Rising inflation and its impact on you

ended 16. November 2021

Tomorrow morning @ 07:00, the Office for National Statistics is publishing the latest inflation data. Only yesterday, Bank of England Governor, Andrew Bailey, expressed his unease about inflation, which many predict will rise above 5%. We want to know:

  • How is inflation affecting you and/or your business?
  • Are you having to increase your prices to reflect the rising cost of living and/or increase in the cost of many (raw) materials?
  • Should the Bank of England raise rates in its next meeting to contain inflation and ‘get ahead of the curve’?

As ever, soundbites, not War and Peace. Journalists like short and punchy comment, not elongated essays!

6 responses from the Newspage community

Star Quote
"With inflation printing above 6% in the US last week, the Bank of England's claim that UK inflation is just transitory is starting to wear thin. Yes, there are supply chain issues causing price increases, but does anyone really expect those prices to fall afterwards? Prices tend to be very sticky and, as we all know with the cost of a pint, once they go up they stay up. "The Bank of England should raise rates at the next meeting. Governor Andrew Bailey, like his predecessor, is at risk of being seen as the "unreliable boyfriend" who makes promises and then doesn't follow through. Even a small rise still only takes us marginally above 0% and it would be the prudent thing to do."
Star Quote
"Bank of England Governor, Andrew Bailey, should hold off raising interest rates until March 2022. By then, we will have a better understanding of global supply chain performance and how consumer prices and spending reacted to high demand for goods and services in the run-up to Christmas. If consumers had less income at their disposal due to essential spending price hikes, such as food, fuel, utility and heating bills, purchasing power would have been squeezed, which could spur a slight drop in inflation come January or February. However, if it turns out that millions of people opted for online buy-now-pay-later options, we could have an inaccurate picture of where the economy really stands."
It's a 2 way street, which continues to hit us on both sides. As a business owner I'm seeing costs rise across the board, the biggest challenge is trying to contain these but realistically these are going to have to be passed on to clients if we are to survive. The other side of the coin is the affect it's having on making necessary longer term decisions about hiring and growth. Quite frankly, it feels like your head is on fire, and you're trying to put it out with a hammer!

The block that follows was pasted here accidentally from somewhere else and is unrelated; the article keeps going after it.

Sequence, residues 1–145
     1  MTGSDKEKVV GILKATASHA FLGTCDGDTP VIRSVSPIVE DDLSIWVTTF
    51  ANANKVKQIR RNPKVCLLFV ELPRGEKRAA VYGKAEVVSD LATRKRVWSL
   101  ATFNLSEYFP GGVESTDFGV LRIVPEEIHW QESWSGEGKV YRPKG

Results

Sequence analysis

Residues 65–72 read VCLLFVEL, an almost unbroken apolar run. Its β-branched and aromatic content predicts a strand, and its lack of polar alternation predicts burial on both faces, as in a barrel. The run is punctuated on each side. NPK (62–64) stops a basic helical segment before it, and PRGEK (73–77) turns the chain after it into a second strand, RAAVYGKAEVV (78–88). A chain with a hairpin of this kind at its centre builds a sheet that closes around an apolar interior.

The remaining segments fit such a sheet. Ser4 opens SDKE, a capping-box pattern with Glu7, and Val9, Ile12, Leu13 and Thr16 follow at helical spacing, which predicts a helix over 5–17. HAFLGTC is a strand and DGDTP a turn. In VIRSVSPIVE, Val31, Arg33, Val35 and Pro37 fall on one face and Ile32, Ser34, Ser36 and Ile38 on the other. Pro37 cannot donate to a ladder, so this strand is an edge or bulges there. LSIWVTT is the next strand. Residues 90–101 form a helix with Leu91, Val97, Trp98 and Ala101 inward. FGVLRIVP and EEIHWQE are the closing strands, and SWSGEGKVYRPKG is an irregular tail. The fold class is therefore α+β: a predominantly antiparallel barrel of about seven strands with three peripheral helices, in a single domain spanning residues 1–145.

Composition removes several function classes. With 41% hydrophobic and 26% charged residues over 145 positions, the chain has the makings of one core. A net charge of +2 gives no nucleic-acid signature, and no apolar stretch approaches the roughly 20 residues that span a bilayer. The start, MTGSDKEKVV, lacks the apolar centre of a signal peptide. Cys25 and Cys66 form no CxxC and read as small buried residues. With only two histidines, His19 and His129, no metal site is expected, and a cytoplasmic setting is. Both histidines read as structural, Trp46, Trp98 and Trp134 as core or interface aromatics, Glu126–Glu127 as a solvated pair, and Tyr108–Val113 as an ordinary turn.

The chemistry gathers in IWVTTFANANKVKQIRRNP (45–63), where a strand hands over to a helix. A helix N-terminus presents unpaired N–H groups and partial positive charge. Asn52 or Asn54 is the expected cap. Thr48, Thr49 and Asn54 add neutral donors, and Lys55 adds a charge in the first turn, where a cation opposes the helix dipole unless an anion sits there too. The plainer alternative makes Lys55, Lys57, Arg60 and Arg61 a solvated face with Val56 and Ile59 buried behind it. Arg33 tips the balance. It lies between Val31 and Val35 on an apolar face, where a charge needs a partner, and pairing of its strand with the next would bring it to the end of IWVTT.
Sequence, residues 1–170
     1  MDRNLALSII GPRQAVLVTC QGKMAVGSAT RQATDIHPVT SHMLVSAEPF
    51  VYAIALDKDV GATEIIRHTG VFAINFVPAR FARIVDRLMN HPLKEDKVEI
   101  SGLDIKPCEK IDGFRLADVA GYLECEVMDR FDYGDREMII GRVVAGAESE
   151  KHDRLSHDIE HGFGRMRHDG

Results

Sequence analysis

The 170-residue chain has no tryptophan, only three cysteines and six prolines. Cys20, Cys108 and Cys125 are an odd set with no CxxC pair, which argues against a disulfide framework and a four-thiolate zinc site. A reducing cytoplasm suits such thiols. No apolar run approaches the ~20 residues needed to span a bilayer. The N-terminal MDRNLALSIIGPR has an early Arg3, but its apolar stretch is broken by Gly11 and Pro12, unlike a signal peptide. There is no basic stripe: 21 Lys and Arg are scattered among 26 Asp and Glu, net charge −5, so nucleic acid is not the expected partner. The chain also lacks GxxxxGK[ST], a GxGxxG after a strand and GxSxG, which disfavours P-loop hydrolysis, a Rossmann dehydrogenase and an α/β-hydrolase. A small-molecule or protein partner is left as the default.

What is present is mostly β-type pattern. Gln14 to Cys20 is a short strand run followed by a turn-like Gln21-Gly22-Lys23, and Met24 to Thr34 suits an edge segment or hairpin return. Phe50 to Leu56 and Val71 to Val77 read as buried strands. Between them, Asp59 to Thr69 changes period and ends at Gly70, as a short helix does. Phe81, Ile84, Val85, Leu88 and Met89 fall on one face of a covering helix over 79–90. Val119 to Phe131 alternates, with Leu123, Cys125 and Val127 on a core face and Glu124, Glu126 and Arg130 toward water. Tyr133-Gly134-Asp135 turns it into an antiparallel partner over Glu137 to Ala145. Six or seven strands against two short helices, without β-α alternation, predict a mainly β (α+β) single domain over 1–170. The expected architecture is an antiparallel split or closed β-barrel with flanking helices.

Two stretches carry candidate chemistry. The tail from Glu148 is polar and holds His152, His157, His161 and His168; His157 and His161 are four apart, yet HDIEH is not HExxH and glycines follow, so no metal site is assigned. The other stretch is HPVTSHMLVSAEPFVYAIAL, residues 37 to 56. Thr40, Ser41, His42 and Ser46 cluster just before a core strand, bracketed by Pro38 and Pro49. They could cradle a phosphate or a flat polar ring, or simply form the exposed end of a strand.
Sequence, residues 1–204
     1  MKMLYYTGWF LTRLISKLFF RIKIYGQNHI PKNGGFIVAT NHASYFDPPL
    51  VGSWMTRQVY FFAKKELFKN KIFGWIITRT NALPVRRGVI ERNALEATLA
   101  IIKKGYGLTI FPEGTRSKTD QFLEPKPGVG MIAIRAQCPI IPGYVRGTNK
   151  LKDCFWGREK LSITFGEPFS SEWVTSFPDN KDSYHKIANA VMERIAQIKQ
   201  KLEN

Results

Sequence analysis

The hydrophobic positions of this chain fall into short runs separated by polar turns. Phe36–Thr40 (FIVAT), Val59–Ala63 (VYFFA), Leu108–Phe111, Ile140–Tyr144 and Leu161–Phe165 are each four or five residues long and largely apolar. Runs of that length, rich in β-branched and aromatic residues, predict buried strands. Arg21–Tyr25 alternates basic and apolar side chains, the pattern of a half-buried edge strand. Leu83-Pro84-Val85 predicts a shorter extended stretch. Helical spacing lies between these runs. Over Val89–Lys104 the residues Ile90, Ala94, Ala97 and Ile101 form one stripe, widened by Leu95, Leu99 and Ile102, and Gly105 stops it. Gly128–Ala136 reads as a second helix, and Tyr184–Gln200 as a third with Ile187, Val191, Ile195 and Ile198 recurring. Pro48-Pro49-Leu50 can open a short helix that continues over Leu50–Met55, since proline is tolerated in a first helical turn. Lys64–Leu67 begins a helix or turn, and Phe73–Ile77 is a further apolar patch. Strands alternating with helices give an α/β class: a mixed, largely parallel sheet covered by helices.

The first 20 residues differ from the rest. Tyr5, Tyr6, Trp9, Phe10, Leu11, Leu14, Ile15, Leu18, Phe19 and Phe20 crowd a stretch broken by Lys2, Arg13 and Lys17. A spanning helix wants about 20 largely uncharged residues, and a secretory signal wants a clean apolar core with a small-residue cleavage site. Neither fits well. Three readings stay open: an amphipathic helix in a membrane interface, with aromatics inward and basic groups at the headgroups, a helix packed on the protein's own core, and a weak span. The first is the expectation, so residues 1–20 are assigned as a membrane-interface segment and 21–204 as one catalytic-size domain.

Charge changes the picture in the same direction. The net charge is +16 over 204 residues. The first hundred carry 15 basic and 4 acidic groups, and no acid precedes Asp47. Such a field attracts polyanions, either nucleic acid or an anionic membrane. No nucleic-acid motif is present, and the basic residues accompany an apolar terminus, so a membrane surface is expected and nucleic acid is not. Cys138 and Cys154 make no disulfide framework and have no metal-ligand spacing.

"Everything is increasing in cost to my business, which means having to think long and hard about passing on these costs, which itself feeds into the problem of rising costs. Keeping the interest rate at 0.1% was a positive for consumers ahead of Christmas and it gives a last-chance for businesses that need to borrow. With a rate that is marginally above zero, the only way is up. A rise in interest rates is inevitable and this last freeze was a welcome sticking plaster that now needs to be ripped off in 2022 with incremental rises."
"For me, this is one of those heart versus head situations. My head says they should increase interest rates now and get ahead of the curve. Yes it will cause pain, but this really could be a case of no pain, no gain. However, my heart says the economy is still in too fragile a state to stand an increase in interest rates. I think the big worry in is all those people who have started mortgages at record low interest rates for whom an increase of even 0.25% would make a real difference. So will head win or heart win? Your guess is as good as mine."
"It seems we're repeating arguments of ten years ago when there was huge concern around rampant inflation in the face of the then new phenomenon of quantitative easing. With the base rate at 0.5%, the Bank of England 'looked through' rising inflation and left bank rate unchanged, which saw inflation peak at 5.2% in September 2011. Inflation then fell sharply, and indeed the next move in base rate was a cut following the Brexit referendum in 2016. Fast forward to 2021 and again inflaion is on the rise, is forecast to peak at around 5% while the Bank of England, so far at least, is resisting calls for a base rate hike."